Impacts of the invasive plant Fallopia japonica (Houtt.) on plant communities and ecosystem processes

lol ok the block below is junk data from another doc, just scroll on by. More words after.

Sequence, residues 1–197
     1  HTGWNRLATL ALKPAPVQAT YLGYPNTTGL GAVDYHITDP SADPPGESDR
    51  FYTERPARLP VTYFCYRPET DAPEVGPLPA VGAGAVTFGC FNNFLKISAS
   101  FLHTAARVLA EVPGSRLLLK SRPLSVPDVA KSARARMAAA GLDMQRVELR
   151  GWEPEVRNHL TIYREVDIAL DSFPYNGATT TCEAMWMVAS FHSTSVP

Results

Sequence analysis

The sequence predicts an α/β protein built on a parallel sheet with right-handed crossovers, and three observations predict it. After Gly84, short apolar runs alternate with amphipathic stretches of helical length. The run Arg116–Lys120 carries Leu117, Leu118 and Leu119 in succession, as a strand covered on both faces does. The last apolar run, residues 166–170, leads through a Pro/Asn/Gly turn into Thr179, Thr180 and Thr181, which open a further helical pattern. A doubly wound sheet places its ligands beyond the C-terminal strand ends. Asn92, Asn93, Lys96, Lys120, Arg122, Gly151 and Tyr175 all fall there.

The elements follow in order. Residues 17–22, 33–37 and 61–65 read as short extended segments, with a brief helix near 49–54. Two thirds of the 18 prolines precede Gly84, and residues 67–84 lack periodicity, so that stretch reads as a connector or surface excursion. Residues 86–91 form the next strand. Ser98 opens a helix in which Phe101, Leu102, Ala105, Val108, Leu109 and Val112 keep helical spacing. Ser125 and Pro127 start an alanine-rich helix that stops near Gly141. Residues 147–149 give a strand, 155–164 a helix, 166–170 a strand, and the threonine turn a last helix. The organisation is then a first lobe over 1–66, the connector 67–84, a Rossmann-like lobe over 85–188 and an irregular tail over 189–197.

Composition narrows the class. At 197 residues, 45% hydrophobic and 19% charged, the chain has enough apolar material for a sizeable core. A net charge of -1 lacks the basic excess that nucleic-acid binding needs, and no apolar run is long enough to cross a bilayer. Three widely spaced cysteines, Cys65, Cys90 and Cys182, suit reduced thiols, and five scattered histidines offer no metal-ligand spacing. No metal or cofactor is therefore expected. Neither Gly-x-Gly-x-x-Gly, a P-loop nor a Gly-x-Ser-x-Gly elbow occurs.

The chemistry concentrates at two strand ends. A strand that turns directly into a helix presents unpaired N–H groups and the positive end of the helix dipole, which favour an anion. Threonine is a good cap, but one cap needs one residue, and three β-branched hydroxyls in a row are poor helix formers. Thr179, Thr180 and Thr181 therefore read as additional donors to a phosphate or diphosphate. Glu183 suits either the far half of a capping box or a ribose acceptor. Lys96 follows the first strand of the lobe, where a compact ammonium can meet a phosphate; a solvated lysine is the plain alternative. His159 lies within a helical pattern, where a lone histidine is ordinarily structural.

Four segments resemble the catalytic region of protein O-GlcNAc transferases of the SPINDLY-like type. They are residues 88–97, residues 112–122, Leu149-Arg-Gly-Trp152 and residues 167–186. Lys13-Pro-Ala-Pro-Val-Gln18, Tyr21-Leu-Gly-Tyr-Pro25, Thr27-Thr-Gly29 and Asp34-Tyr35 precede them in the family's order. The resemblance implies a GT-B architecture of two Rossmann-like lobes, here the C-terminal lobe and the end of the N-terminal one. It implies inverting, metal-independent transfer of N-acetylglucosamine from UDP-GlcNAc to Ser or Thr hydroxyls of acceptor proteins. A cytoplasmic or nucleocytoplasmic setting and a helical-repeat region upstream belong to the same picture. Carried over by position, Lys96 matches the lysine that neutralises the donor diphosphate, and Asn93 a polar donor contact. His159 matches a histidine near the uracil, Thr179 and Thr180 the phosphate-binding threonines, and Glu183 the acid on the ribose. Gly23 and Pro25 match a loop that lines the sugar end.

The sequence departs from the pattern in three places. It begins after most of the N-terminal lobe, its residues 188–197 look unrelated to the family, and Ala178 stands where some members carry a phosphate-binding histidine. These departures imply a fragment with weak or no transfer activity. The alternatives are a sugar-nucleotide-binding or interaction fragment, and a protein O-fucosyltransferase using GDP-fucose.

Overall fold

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Fallopia japonica (Japanese knotweed) invades riparian areas and roadsides in New England. This large clonal species drastically alters the appearance of habitats by forming highly productive near-monocultures. To understand how these invasions affect ecosystem processes in New England, we quantified the impacts of F. japonica on species diversity, primary productivity, and nitrogen cycling at five locations in central Massachusetts, USA. In stands of F. japonica and in adjacent uninvaded areas, we recorded the cover of each plant species and measured the aboveground biomass and nitrogen (N) concentrations in plants, along with N retranslocation from F. japonica leaves and several soil characteristics. In addition, we severed rhizomes of peripheral F. japonica shoots to determine if clonal integration contributes to the species’ rapid spread and dominance. Stands of F. japonica had lower species diversity, but greater aboveground biomass and standing N than uninvaded areas. Nitrogen and carbon concentrations in biomass and N mineralization rates in soil did not differ between stands and adjacent areas. Rhizome severing temporarily reduced growth of F. japonica, suggesting that retranslocation of photoassimilates and/or nutrients between shoots via rhizomatal connections may maximize stand level growth rates and facilitate dominance by F. japonica.